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Tinker

Horsemen of Afghanistan

7 posts in this topic

In response to Brendan's poem Afghanistan I am posting this poem I wrote 11 years ago.

 

Horsemen of Afghanistan

 

Flesh against tanks,

I saw them streaking

across the TV screen.

 

The horses,

once the pride of the north,

butter-fed, pampered and prized.

Bred for endurance and speed,

trained to be one with the chapandaz

to excel on the field

of the Buzkashi.

 

A way of life, a culture lost.

Equestrian royalty

used as antiquated tools of war,

to be sacrificed

by terrorists, imperialists

and those of us who think

we can offer a better way.

© Judi Van Gorder 11/12/01

 

Buskashi National Sport of Afghanistanbuzkashi-2.jpg

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Horses against tanks! Reminds one of the Polish cavalry in 1939. I was wandering around Afghanistan for a month or so in the late 1970s between the deposition of their last king and the arrival of the Russians. That would qualify as "peacetime". I found the place to be amazing, particularly the town of Herat with its tinkling horse taxis and a bazaar straight out of the Arabian Nights. The women were sashaying about in blankets (chador) with eye slits but I noticed they still painted their toenails and had jangling ankle bracelets. Ah, femininity! Of course you daren't even look at them much less talk to them! The men were absolutely charming, many of them armed to the teeth it has to be said, but marvellously courteous in a rather sinister way. They had no colonial cringe whatsoever (as one still finds in Pakistan and India to a certain extent) but tended to look at you as an interesting specimen of extra-terrestial life provided for their amusement. They swaggered about with their kiss curls and kohl-darkened eyes and you couldn't help but grin in admiration. Violent bastards, of course, but it has always been a violent country and the history of the last thirty-odd years simply underlines that fact. For more info, particularly with regard to the events in the poem, I highly recommend the novel "Flashman" by George MacDonald Fraser which captures the wild and woolly feel of the place in a way I have never come across in a work of non-fiction. Pity George W. Bush didn't read it before he launched this latest invasion!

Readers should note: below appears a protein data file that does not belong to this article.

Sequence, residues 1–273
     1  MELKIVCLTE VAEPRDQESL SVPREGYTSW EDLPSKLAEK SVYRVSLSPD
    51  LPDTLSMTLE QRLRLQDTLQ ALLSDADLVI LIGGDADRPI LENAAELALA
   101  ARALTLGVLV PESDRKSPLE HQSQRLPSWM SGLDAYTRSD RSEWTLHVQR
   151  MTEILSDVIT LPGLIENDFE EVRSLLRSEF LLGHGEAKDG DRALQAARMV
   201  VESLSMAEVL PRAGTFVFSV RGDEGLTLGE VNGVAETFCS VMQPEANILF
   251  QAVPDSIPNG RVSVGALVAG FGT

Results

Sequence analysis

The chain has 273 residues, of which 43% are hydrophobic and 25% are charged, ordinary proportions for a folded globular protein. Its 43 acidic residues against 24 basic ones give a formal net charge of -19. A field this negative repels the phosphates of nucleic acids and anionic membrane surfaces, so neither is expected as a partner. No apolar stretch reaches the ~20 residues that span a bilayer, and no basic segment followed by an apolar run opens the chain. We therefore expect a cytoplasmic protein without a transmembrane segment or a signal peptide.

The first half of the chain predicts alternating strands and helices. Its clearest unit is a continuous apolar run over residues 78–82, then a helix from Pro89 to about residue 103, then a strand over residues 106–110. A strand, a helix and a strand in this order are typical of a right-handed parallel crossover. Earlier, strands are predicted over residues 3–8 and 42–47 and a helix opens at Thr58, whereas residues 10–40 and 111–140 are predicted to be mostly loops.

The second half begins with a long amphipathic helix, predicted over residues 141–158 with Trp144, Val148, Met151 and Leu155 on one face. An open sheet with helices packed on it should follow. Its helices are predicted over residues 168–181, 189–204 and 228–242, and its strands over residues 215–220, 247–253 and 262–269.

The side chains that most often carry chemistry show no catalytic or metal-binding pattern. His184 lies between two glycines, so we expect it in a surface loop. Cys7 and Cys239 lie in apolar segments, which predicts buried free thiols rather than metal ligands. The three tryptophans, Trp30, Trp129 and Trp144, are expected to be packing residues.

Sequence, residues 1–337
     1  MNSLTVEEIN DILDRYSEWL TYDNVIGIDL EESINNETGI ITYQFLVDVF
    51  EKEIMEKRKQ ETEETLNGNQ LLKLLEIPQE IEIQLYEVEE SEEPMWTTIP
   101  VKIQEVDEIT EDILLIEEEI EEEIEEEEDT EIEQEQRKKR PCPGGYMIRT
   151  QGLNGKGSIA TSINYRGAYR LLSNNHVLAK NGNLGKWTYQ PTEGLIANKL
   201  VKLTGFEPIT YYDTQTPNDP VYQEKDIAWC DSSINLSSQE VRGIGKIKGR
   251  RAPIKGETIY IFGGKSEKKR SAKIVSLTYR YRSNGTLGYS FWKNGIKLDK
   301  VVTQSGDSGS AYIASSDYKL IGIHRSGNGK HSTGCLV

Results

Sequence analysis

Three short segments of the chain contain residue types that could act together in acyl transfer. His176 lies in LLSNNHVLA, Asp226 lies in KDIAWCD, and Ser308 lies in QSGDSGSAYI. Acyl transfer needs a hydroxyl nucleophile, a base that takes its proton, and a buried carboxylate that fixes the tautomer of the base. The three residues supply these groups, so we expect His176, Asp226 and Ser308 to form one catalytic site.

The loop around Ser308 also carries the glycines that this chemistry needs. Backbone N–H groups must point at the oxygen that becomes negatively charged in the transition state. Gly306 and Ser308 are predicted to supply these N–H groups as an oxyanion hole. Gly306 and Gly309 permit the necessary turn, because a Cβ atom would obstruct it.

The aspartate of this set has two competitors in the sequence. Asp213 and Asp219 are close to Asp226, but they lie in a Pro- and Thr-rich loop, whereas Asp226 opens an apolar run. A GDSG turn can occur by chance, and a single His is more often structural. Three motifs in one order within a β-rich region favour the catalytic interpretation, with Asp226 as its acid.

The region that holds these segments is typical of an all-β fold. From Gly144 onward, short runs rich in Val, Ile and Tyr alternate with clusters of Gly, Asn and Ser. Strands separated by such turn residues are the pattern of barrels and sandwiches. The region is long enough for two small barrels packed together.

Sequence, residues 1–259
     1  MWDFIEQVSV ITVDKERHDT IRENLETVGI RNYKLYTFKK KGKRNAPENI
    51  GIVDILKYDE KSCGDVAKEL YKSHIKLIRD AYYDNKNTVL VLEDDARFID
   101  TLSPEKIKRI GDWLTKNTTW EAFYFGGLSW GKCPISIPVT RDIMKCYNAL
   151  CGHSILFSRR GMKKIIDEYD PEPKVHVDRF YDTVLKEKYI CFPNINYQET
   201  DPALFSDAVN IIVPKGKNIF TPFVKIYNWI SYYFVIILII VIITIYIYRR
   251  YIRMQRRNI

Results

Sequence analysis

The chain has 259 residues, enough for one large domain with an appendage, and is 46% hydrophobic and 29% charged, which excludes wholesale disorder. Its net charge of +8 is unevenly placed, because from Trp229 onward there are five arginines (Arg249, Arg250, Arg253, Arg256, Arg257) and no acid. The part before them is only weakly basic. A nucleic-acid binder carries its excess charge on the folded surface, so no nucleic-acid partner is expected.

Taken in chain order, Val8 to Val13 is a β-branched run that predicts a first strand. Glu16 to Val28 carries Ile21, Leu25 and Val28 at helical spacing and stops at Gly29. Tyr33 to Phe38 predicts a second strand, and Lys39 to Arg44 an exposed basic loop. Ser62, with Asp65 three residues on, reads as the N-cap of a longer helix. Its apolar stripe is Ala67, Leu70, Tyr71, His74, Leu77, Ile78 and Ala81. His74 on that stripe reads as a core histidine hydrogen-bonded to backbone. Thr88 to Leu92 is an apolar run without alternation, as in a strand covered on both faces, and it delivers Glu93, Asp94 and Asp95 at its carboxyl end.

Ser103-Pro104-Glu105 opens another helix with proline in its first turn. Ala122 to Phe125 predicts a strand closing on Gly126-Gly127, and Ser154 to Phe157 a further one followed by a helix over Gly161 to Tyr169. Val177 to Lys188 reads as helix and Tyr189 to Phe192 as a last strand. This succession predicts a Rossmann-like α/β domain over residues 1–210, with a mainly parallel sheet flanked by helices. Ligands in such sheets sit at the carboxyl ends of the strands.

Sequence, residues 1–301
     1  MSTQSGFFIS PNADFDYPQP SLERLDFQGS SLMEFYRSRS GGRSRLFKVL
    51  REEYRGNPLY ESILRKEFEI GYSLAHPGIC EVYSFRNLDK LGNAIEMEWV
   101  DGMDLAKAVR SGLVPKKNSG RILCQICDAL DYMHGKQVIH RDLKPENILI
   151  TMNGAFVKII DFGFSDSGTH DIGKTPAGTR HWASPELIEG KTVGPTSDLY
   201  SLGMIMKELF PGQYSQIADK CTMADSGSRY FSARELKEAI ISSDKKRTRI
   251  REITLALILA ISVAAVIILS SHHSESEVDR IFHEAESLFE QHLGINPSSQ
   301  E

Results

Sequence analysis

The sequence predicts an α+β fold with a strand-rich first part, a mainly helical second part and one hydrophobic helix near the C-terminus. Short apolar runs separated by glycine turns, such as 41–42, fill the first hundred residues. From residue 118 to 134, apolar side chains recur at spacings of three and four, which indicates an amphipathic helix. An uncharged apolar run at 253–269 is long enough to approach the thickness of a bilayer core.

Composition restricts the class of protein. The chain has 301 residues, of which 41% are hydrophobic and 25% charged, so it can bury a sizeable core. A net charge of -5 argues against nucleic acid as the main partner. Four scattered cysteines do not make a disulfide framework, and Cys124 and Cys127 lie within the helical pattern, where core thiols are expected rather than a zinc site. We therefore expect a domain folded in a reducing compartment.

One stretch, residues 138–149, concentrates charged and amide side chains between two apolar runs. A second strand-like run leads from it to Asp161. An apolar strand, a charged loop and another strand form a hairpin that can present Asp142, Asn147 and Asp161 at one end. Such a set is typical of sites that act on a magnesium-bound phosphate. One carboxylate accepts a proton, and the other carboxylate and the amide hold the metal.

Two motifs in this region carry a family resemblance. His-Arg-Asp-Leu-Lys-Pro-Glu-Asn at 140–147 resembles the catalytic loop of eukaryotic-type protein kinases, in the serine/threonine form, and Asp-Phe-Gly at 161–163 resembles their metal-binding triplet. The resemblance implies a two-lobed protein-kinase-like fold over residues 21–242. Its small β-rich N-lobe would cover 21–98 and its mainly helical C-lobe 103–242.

Cheers,

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Thanks for this anecdote Brendan.... I so would have loved a chance to "wander about Afghanistan" in the late 70s but I had a little kid by then and I think I would have been a bit out of place.... I am not big on wearing blankets with eye slits or jangling ankle bracelets. I do paint my toenails though... :rolleyes: I will look for Flashman, hopefully I can download it onto my Nook.

 

~~Tink

 

ps... There are several Flashman books but none of books I have found so far seem to take place in Afghanistan. I will keep looking.

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Lovely Piece Tiinker- Enjoy the perspective. Ded I tried Fashman and by all rights and recommendations should love it, but have never surmonted the first few chapters;-) Thanks Tinker for digging this one up!

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An excellent poem to highlight that even in this modern world the simplest of arms coupled with passion and determination makes the subjugation of certain proud cultures extremely difficult.

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The last lines are especially revealing: those of us who think/we can offer a better way. There's some unavoidable culpability built in to this one.

 

Thanks for digging up this poem from a decade ago and posting it, Tinker. Since I was alive when it happened, knowing when the poem was written is a bonus and makes it that much more interesting. It's not just something from too long ago.

 

Tony

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Tinker, thanks for resurrecting this poem to stand alongside Brendan's. Coupled with the commentary accorded the pair, it makes for a nice (though perhaps safely by-proxy!) cross-cultural experience.

 

- Dave

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